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Camelot challenges Gambling Commission's actions on Health Lottery in High Court

High Court. Image copyright Chris Harvey.
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Camelot challenges Gambling Commission's actions on Health Lottery in High Court1

Fundraising | Celina Ribeiro | 12 Jul 2012

The Gambling Commission told the government that the Health Lottery was on the “borders of technical legality” before its launch, the lawyer representing the operator of the National Lottery told the High Court yesterday.

And the Commission itself has made a “legally bad” decision in not ordering a wholesale review of the Health Lottery’s operations, Camelot claims.

Camelot made the points in the High Court yesterday as part of its application for a judicial review of the Gambling Commission’s licensing of the Health Lottery, which launched in October last year.

But counsel for the Gambling Commission, James Goudie QC, characterised Camelot’s position as “the same old discredited case”. He said it was not the responsibility of the Gambling Commission to protect the National Lottery’s market position.

“This has, throughout, been grossly overblown litigation. Preposterously so,” he said.

Lord Pannick QC, acting on behalf of Camelot, outlined most of the company’s claim against the Gambling Commission, which was amended only days ago following the Commission’s decision last month to open a review into the Health Lottery’s marketing and promotion.  Both the Health Lottery and the 51 community interest companies (societies) which employ the Health Lottery as an external lottery manager opposed the consideration of the amended claim, but the judges allowed it. The original claim was that the Gambling Commission was wrong in not instigating a review of the Health Lottery operations, but Camelot now claims that the present review does not go far enough.

Goudie said that even with the amendment, the claim against the regulator is out of time. “Whatever the form my learned friend puts it, it remains a challenge to the September 2010 decision [to license the Health Lottery], in which case it’s out of time,” he said.

Lord Pannick was due to address the issue of the delay of the case this morning.

The structure of the Health Lottery is complex. Law allows for society lotteries to turn over £10m a year, with a minimum 20 per cent payout to good causes. The Health Lottery works as an external lottery manager for 51 societies. Players can buy lottery tickets from anywhere in the country, but in any given week one or two region-based societies will benefit from the proceeds (these are identified on the tickets themselves). The charitable money is paid into the People’s Health Trust which distributes it as grants to health projects in the regions designated to benefit from that week’s draw.

Outlining his case yesterday Lord Pannick alleged: “It is plain from the material that the Commissioner has had – and continues to have – concerns about the legality of the [Health Lottery] scheme.”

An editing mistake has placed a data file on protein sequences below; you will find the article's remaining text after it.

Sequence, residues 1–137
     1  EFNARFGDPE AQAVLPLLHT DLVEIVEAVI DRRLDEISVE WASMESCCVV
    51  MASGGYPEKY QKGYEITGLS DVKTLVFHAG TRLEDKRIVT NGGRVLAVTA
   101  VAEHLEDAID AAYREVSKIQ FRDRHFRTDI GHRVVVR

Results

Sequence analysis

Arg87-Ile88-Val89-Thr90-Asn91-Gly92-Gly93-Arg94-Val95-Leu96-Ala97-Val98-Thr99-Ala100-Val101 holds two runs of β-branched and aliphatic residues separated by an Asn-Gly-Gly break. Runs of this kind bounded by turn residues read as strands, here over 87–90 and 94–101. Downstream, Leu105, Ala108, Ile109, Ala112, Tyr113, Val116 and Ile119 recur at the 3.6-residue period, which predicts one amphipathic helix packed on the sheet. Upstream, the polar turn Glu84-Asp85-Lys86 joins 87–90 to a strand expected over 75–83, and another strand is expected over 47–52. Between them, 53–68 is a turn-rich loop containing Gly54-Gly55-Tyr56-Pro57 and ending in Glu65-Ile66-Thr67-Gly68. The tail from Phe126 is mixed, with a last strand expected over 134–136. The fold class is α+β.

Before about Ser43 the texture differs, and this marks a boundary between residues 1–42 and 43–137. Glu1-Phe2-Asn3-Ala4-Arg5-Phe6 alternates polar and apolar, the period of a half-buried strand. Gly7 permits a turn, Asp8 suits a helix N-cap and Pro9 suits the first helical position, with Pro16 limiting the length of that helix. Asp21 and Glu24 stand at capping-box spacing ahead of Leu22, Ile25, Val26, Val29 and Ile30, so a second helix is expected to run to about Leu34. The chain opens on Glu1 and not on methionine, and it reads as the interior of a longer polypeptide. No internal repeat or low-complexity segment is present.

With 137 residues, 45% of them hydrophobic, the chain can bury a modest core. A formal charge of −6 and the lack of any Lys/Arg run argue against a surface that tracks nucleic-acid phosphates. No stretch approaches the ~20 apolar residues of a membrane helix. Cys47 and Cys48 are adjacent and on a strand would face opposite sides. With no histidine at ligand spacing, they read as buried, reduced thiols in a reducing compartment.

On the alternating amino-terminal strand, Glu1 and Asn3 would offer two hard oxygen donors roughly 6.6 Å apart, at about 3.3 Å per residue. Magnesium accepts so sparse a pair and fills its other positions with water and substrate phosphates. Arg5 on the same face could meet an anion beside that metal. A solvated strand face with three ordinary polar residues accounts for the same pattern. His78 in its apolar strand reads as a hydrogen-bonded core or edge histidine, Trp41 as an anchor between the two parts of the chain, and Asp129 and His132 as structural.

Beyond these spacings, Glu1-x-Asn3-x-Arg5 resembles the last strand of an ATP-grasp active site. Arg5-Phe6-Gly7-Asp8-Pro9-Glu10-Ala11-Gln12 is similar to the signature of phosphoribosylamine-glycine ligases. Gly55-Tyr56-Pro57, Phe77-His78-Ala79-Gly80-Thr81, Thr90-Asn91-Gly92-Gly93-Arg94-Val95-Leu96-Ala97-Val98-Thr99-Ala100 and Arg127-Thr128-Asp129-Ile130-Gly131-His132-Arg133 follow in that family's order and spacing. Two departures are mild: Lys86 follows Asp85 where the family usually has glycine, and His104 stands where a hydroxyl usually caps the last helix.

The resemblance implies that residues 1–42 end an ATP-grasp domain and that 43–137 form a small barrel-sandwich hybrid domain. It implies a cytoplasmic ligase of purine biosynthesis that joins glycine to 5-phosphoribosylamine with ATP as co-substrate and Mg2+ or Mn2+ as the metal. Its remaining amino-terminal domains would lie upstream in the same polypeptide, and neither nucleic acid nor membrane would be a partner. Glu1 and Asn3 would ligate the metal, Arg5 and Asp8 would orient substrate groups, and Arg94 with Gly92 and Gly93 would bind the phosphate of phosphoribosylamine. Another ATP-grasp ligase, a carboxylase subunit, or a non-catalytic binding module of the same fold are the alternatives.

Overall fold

He claimed the decision to hold a review into only the marketing and promotion of the Health Lottery “makes no sense” and that the Commission has used a “legally bad” reason for not conducting a wholesale statutory review. According to communications presented by Lord Pannick, the Gambling Commission considered it outside its remit to protect the National Lottery and suggested that the government should intervene if it wanted to.

'Commission must uphold rules made by Parliament'

“Of course it’s not the role of the Gambling Commission to protect Camelot, but it is its role to uphold the fundamental limits on society lotteries that Parliament has seen fit to impose,” said Lord Pannick.

The other tenets of the Camelot argument are that the Commission has failed to resolve “its own fundamental concerns” about whether the 51 CICs operate independently of each other and the Health Lottery, and the allegation that the CICs were set up for the Health Lottery, and not vice versa.

Lord Pannick quoted communications from Gambling Commission chief executive Jenny Williams to the Department for Culture Media and Sport dating back to before the Health Lottery’s launch, in which she said that the Commission expected the Lottery to be on the “borders of technical legality” at launch. She also told the Department it needed to decide whether to close the “loophole” which allows the Lottery to operate at a national level.

The Gambling Commission and Health Lottery are expected to make their submissions to the court today.

The hearing is expected to run until tomorrow.

Tracey Cummins
Fundraising&Voluntary Services Manager
Dartford & Gravesham NHS Trust
3 Aug 2012

I really object to this lottery. I have read the criteria for charitable giving and I feel it is misleading. NHS charities are unable to apply for medical equipment. Most people I know assume that it will mainly help hospitals.

Our NHS budget does not cover everything and we rely on charitable donations to introduce the very latest technology. We pride ourselves as being one of only a few hospitals that can now carry out life saving proceedures to help cancer patients as well as many other diseases. Without charitable donations patients will not benefit from all the latest technology.

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